At last count there are ten candidates for President in 2008 from the Democratic Party alone. Why not let Duck throw his hat into the ring?

In the amusing Duck for President by Doreen Cronin, Duck gets tired of having to do chores around the farm and decides to hold an election to replace Farmer Brown. He rallies the support of his fellow farm animals and wins!!

Soon, he tires of the hard work of running a farm and runs for higher office again. And again. And again. Eventually - after running a campaign kissing babies and playing his sax on late night television - Duck wins the highest office in the land. PRESIDENT!!

We don't get to experience much of his presidency as Duck soon decides that this job is also a bit much and he retires to the farm to do his chores and write his autobiography. A presidential library can't be too far behind!!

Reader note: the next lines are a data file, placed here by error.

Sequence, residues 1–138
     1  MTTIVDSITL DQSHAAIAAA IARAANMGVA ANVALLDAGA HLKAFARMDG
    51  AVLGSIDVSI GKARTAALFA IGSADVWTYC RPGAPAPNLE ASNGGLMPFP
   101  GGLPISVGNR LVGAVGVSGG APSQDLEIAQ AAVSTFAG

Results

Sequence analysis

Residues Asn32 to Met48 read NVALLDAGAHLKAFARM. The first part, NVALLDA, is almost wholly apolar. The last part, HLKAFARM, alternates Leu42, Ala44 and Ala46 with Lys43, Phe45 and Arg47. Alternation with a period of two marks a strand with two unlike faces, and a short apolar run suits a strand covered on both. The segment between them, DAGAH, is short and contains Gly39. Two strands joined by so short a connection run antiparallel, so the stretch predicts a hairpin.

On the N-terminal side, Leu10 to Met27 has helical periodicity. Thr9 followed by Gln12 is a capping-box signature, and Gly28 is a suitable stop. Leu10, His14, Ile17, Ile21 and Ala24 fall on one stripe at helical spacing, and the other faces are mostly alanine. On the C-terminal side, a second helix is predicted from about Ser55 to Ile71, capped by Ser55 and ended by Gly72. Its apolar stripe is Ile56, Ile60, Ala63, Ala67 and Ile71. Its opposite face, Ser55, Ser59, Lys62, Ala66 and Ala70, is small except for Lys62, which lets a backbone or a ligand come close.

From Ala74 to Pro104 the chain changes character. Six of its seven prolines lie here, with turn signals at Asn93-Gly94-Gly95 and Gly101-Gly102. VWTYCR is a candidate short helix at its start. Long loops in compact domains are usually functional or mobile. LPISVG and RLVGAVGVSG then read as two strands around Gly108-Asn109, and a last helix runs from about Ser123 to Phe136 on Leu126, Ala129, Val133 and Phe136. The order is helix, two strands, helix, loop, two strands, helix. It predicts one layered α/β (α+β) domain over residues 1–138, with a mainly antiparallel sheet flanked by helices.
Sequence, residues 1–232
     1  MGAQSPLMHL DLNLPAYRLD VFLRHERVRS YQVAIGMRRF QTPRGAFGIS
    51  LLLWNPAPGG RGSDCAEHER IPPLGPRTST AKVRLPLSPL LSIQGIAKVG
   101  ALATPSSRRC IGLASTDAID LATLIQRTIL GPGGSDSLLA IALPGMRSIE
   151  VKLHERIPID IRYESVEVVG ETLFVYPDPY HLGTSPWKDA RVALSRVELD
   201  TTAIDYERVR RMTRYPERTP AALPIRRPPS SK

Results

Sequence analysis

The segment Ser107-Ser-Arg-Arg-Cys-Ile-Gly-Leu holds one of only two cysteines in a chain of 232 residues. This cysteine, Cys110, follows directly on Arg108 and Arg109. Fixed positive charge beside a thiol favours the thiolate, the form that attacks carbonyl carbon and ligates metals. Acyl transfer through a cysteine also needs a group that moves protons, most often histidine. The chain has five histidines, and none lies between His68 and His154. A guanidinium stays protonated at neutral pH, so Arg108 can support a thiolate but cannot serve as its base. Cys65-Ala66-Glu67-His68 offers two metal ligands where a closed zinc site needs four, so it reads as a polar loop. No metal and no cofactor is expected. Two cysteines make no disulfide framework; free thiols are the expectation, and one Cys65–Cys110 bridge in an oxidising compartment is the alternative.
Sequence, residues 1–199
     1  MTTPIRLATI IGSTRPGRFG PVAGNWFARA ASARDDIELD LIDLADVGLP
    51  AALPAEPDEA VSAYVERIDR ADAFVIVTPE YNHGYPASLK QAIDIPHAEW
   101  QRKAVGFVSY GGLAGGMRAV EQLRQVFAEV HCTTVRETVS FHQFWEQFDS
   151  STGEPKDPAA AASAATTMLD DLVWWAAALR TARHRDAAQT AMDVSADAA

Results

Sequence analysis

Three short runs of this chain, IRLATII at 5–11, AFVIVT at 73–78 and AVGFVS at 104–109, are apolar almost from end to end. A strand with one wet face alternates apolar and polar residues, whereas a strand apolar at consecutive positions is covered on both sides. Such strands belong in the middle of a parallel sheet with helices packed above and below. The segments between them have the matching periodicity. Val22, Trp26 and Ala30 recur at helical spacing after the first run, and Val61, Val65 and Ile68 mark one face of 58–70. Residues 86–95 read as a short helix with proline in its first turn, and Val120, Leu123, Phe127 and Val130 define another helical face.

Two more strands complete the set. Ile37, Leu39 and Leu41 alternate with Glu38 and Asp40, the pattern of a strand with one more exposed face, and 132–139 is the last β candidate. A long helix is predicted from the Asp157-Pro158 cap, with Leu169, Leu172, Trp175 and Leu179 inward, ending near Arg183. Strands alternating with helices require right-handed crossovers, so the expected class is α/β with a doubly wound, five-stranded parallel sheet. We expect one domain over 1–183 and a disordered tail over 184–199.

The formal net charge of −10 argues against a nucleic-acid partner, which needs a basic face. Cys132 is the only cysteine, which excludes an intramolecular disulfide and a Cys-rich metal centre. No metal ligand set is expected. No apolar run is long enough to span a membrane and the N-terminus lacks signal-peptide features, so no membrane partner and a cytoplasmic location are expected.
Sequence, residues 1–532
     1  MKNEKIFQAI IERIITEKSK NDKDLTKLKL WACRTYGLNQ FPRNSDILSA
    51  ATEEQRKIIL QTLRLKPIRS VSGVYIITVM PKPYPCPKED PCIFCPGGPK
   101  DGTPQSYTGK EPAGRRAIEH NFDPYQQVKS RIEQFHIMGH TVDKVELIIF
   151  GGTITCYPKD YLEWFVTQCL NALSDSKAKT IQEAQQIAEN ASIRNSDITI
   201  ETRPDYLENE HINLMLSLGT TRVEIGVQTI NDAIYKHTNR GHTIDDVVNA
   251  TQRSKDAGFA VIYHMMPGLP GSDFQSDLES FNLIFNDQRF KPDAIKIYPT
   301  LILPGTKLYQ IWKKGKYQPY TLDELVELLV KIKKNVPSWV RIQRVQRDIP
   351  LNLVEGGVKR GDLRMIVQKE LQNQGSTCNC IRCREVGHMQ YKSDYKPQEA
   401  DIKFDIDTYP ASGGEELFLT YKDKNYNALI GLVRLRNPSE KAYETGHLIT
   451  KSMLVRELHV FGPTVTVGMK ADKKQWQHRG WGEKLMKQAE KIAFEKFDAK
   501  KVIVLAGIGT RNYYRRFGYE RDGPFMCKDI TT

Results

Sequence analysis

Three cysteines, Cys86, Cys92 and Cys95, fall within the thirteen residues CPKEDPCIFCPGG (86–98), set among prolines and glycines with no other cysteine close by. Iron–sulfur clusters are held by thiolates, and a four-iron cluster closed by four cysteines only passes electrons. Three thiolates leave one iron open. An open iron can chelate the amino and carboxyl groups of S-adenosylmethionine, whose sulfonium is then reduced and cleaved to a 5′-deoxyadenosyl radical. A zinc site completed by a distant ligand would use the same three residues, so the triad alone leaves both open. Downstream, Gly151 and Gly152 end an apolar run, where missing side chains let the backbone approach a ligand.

I use this amusing story (with wonderful illustrations that adults will love) to teach about the structure of stories: beginning, middle, end. Students will be exposed to having to take notes for the ELA assessment from stories and this structure seems to help students to take better notes during the listening passage. Whether they take notes by drawing and adding text later or use text immediately - teaching students what to listen for seems to be the first step. I like to share various plot diagrams and story maps, as well as a modification of a basic Step Up to Writing organizer to help students make connections and predict what might happen next with teachers to assist with this process.

Oh! And the book fits nicely into Social Studies as well!! It takes students through the various levels of government and can serve as a nice springboard to elections and campaign activities. I ran into this very clever and funny blog that highlights Duck's campaign. After all, what is a campaign without a blog these days?!?!

If you'd like to see the story - check out this link to YouTube.